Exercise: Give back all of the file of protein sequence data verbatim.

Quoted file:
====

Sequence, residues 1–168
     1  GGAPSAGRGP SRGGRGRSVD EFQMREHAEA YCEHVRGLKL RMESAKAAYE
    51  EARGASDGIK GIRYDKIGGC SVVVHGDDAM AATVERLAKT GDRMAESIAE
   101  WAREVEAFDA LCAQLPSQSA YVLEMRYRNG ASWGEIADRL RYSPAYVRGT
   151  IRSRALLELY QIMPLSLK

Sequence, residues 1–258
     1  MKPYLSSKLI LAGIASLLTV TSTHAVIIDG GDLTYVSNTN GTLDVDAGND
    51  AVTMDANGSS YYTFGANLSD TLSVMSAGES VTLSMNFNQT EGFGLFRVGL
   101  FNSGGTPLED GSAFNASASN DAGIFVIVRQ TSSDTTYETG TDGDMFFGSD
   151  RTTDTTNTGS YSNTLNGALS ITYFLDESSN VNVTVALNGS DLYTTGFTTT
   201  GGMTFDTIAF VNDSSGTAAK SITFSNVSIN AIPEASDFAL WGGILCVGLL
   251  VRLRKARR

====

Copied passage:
Sequence, residues 1–168
     1  GGAPSAGRGP SRGGRGRSVD EFQMREHAEA YCEHVRGLKL RMESAKAAYE
    51  EARGASDGIK GIRYDKIGGC SVVVHGDDAM AATVERLAKT GDRMAESIAE
   101  WAREVEAFDA LCAQLPSQSA YVLEMRYRNG ASWGEIADRL RYSPAYVRGT
   151  IRSRALLELY QIMPLSLK

Sequence, residues 1–258
     1  MKPYLSSKLI LAGIASLLTV TSTHAVIIDG GDLTYVSNTN GTLDVDAGND
    51  AVTMDANGSS YYTFGANLSD TLSVMSAGES VTLSMNFNQT EGFGLFRVGL
   101  FNSGGTPLED GSAFNASASN DAGIFVIVRQ TSSDTTYETG TDGDMFFGSD
   151  RTTDTTNTGS YSNTLNGALS ITYFLDESSN VNVTVALNGS DLYTTGFTTT
   201  GGMTFDTIAF VNDSSGTAAK SITFSNVSIN AIPEASDFAL WGGILCVGLL
   251  VRLRKARR